Hubert Newcombe Alyea

Location: First Floor, West Wing, South Wall, Sequence 2

Source: Chemical Heritage Foundation

Sponsor: Evelyn P. and James E. Jackson
Sheldon L. Knoespel
Margaret Kandelin Sutherland

Alyea had a genius for bringing science to life in the classroom. Amid explosions and swishing clouds of carbon dioxide he explained the mysteries of chemistry with contagious enthusiasm. Alyea invented a teaching system known as Tested Overhead Projection Series (TOPS) that incorporated a kit for colorful demonstrations as well as an overhead projection system. His texts "TOPS in Chemistry" and "Tested Demonstrations in General Chemistry" were widely used and translated into many languages. His lectures reached people around the world by television. In 1945 he initiated a demonstration lecture "Atomic Energy: Weapon for Peace" that he presented some 2800 times in many countries to audiences estimated at 1.5 million people.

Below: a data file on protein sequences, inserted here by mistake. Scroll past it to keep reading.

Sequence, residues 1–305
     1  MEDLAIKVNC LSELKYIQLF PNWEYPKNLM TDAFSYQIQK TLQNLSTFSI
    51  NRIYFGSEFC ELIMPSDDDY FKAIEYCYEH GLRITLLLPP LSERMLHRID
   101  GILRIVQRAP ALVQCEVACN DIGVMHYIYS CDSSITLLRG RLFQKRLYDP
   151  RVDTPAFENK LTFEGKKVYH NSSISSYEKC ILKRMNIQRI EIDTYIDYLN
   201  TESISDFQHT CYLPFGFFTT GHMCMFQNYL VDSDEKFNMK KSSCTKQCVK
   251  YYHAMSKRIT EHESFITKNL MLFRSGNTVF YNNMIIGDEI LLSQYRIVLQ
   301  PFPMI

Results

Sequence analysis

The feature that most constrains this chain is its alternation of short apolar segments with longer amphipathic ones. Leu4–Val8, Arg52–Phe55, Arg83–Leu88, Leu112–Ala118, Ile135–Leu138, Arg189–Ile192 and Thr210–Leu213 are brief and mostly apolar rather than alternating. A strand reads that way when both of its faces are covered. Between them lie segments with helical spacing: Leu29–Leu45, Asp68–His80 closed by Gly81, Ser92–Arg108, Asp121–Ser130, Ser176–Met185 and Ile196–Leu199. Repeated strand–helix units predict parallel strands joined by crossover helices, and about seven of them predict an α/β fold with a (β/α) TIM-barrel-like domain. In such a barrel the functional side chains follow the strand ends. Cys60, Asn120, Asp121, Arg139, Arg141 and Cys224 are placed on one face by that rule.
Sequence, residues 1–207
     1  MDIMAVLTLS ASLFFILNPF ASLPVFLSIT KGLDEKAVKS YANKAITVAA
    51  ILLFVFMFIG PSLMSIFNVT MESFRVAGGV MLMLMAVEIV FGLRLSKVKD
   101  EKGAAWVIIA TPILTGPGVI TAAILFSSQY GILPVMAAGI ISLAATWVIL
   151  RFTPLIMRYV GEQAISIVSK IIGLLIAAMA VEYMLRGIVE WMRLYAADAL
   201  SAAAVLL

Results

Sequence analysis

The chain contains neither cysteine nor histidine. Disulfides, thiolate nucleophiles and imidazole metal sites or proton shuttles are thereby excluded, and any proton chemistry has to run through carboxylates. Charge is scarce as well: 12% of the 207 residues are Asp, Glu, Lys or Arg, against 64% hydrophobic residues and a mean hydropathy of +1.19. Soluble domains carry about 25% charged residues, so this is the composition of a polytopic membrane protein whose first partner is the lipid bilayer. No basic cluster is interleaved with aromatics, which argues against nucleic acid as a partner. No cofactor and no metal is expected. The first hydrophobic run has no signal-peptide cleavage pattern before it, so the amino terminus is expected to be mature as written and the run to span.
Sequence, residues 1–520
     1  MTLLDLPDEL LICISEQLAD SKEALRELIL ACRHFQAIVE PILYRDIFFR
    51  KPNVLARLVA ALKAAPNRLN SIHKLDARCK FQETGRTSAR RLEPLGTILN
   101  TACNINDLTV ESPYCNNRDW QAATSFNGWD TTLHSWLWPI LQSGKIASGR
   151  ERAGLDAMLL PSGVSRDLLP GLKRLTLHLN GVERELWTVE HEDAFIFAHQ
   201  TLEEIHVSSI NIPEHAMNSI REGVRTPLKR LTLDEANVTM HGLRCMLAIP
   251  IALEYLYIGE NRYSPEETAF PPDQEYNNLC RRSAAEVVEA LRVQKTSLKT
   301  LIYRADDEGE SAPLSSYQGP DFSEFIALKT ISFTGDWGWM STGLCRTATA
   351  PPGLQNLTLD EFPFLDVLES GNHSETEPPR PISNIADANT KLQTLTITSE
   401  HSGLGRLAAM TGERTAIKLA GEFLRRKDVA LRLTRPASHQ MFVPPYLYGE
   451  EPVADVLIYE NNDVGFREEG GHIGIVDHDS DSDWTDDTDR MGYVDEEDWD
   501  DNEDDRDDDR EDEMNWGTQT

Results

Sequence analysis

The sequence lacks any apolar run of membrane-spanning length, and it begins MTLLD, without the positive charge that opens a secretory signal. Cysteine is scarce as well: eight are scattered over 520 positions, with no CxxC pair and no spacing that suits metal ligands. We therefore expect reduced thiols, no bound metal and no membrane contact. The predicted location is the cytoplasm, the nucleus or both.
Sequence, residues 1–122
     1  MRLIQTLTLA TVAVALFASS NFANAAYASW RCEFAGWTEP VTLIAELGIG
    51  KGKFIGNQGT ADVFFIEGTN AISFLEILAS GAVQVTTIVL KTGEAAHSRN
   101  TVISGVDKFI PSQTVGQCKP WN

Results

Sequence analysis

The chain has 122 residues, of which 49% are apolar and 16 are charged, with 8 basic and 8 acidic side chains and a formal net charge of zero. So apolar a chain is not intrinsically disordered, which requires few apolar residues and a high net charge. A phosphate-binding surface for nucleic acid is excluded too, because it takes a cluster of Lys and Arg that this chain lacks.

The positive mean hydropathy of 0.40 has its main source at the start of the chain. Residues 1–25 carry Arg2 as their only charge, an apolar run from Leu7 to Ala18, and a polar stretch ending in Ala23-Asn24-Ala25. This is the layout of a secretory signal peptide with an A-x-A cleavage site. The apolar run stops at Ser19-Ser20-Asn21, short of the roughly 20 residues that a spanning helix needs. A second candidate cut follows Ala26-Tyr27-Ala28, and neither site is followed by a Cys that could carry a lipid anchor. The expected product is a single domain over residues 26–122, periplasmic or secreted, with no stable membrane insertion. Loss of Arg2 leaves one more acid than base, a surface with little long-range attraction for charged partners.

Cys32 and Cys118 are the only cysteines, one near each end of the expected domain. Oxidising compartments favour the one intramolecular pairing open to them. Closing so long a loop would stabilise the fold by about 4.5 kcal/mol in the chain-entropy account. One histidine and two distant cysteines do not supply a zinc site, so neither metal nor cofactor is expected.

After attending an Alyea chemistry demonstration at a World's Fair, Walt Disney was inspired to create the film "The Absent-Minded Professor" (1960), and invited Alyea to Hollywood to rehearse actor Fred MacMurray, who played the role.

Alyea was born in Clifton, NJ, attended Princeton University for his undergraduate (1925) and Ph.D. (1930) degrees, then joined the faculty where he remained until retirement in 1972. Well after his formal retirement he continued to lecture on the nature of scientific discovery, "Lucky Accidents, Great Discoveries and the Prepared Mind", a fast-paced set of demonstrations, stories, poems and ad-libs. Alyea won many teaching awards, and served as an associate editor of the Journal of Chemical Education.